The New Adelphi Theatre, Salford; Thursday 29th November, 2018

2018/19 is the inaugural year of the University of Salford’s MA in Dance Performance and Professional Practice – a new degree programme which prepares graduate dance students for the rigours of a professional career in performance art.

The MA syllabus being delivered bridges the gap between academic learning and vocational practice through membership of Emergence – an exciting new contemporary dance company which is led by the students themselves.

Performed at the New Adelphi Theatre in the heart of the University’s campus, the debut show from Emergence is a double-bill comprised of two innovative new pieces which are both born from the the result of collaboration between the student performers and experienced professional choreographers.



And Still I Walk is a flowing and enigmatic work choreographed by Sharon Watson, Artistic Director of Phoenix Dance Theatre. Inspired by one hundred years of the women’s suffrage movement, the performance features six dancers and seems to be an exploration of the persistence and tenacity of those who fought for equality.

With elegant costumery from the early 20th century, the focus of the piece is heavily on shoes and footwear. Each dancer removes her shoes and abandons them on stage, but then she eventually returns to them; as well as swapping them with those of the other performers. An abstract symbolism begins to emerge once the title of the piece is considered: these women will march onwards, and they’ll do it together.

On stage a large metal fence hangs from the rear and over time individual shoes are hung from it. These are not particularly elegant or fashionable pieces of footwear, they seem to be far more functional: sensible shoes that might be good for walking, or sturdy boots that look as if they will survive a long journey. The fence seems to represent restriction and resistance yet as it swings incredibly slowly from side to side as it hangs there are beautifully hypnotic moments when individual dancers appear to carefully synchronise their movements in harmony with it.

And Still I Walk starts at a frantic pace and has a powerful musical score to accompany it, strangely reminiscent of the kind of “big” music that you’d expect at the start of a big-budget action movie at the cinema. The pace then drops, almost to a complete stop in the middle, which slightly disturbs the overall emotional experience.

The artistic delivery is outstanding with beautifully synchronised movements as a group and flawlessly elegant individual performances. Overall this is a piece that seems to exude a sense of uncertain urgency and anxiety, there is a strange feeling of apprehension running through the performance thanks to the mystery of the shoes being used as props and the rapid changes in tempo.



When Worlds Collide is a dark and powerful piece of choreography by Joss Arnott, Artistic Director of Joss Arnott Dance, and also day-to-day lead for the artistic components of the MA degree programme at the University of Salford.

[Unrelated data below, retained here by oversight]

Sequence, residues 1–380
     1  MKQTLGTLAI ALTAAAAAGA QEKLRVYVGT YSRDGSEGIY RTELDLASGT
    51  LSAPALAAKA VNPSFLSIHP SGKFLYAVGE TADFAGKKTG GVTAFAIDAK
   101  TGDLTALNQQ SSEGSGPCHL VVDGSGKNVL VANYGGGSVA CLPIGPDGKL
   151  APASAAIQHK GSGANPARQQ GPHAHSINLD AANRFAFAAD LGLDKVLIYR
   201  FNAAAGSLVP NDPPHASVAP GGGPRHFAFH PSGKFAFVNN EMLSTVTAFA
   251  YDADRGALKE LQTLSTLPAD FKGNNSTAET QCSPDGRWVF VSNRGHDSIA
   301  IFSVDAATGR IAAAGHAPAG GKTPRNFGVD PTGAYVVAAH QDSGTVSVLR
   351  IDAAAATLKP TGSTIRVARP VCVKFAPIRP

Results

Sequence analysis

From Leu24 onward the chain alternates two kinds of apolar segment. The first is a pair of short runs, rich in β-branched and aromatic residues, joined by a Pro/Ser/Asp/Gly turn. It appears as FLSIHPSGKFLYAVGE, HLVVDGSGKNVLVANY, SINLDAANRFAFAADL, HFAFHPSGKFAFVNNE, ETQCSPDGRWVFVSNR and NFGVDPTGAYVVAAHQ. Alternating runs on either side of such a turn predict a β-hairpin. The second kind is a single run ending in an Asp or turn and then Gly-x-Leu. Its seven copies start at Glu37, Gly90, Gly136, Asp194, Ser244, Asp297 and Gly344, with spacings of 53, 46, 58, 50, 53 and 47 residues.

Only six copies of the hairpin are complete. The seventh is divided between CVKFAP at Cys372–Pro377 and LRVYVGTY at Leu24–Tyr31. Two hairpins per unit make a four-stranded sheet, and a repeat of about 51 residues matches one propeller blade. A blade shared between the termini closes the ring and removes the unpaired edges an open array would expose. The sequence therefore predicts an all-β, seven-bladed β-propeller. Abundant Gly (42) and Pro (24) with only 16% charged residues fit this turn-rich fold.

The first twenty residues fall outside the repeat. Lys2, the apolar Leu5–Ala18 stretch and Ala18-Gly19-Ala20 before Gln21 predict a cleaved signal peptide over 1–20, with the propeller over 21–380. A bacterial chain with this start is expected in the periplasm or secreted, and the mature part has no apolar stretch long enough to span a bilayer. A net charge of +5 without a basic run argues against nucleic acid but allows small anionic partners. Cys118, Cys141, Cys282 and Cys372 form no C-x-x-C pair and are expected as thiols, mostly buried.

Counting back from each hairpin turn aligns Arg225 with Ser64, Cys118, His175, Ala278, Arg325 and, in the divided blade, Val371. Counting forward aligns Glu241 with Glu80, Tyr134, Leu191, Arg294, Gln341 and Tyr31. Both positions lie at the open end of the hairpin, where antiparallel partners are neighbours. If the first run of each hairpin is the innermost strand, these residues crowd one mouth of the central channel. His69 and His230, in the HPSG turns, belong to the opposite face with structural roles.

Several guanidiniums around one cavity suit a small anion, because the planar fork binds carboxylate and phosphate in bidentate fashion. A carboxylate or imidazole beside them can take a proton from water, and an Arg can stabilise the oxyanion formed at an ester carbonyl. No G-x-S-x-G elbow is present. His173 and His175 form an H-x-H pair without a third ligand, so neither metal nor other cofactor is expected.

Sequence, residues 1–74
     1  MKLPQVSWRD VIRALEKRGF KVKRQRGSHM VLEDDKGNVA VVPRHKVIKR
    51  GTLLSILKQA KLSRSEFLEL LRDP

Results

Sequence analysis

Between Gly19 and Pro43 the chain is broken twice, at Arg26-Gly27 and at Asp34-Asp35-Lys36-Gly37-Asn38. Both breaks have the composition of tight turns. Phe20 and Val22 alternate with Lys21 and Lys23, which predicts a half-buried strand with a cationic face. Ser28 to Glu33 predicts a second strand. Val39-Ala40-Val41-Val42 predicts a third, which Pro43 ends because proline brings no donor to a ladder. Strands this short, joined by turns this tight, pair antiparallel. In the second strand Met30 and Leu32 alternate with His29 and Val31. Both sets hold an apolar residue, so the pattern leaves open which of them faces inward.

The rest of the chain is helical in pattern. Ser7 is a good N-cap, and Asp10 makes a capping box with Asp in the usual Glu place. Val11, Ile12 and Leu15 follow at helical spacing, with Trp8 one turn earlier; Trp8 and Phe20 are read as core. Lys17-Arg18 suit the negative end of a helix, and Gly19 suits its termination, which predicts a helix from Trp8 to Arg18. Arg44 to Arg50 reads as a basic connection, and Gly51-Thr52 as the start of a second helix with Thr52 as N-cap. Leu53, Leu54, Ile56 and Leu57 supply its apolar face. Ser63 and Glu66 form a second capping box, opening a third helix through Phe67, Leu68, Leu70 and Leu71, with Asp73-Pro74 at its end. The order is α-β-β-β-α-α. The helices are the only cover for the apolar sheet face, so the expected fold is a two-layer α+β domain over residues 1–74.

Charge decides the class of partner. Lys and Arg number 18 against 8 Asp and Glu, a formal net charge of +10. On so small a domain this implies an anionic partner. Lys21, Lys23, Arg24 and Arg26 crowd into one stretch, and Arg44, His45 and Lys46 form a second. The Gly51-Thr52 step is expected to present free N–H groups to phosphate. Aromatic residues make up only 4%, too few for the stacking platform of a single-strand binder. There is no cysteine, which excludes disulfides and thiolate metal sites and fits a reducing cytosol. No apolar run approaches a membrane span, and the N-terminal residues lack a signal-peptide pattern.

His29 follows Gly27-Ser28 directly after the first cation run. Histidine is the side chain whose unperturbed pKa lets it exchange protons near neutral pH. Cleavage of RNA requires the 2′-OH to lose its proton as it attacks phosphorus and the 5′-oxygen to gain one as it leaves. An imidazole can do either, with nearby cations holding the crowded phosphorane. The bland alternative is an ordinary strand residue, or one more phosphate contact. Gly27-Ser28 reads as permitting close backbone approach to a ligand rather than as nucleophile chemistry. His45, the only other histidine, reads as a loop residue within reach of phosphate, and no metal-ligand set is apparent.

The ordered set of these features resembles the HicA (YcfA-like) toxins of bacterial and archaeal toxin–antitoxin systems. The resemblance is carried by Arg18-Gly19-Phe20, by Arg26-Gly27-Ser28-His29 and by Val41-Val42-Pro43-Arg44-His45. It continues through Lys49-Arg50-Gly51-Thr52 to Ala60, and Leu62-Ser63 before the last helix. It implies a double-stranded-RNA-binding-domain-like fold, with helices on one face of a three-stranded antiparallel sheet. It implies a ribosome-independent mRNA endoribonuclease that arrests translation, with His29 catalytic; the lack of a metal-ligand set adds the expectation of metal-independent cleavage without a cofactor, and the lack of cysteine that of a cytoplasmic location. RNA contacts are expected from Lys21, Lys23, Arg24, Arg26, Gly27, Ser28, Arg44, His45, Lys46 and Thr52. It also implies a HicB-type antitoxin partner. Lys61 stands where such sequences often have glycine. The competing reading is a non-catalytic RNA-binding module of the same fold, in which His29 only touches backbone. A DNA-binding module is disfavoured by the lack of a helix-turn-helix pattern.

The stage is busy: twelve performers clad in black leotards move in and out of the shadows as a thick haze reduces visibility and thus increases the tension. The visual effects are outstanding, with lighting effects being cast from multiple angles. Most striking are the large and foreboding shadows projected into the foggy haze, almost creating a sense that the stage might be infinite, given that the rear and sides could not be seen. Also of note are the actual colours used in the lighting – mostly intensely dark autumnal reds, greens and blues which emptied the performance space and strongly centred attention on each dancer’s movements.

Also outstanding is the music, all of it set at heartbeat pace – though this meant the full spectrum of human heartbeat pace ranging from a sedentary crawl through to a much higher energy level of exertion. The constant presence of a reverberating bass drum vibrating through the seats of the theatre served to add a touch of fear to this performance, injecting a thrilling sense of panic as to what might emerge from the shadows next.

As with the performance of And Still I Walk, the artistic delivery is outstanding, with incredible synchronicity for the group movements and highly creative individual performances that merged in and out of the overall flow of the piece.

The visual and audio effects of When Worlds Collide seem to produce the overall experience of a thriller, this is a piece with an almost dream-like quality given that the stage is ill-defined thanks to the thick haze and the fact that the performers emerge from (and disappear back into) the darkness creating a sense of ephemeral and temporary mystery.


The double-bill of And Still I Walk and When Worlds Collide will embark on a national tour in early 2019, returning to Greater Manchester at the Waterside Arts theatre in Sale.





Photography: Drew Forsyth

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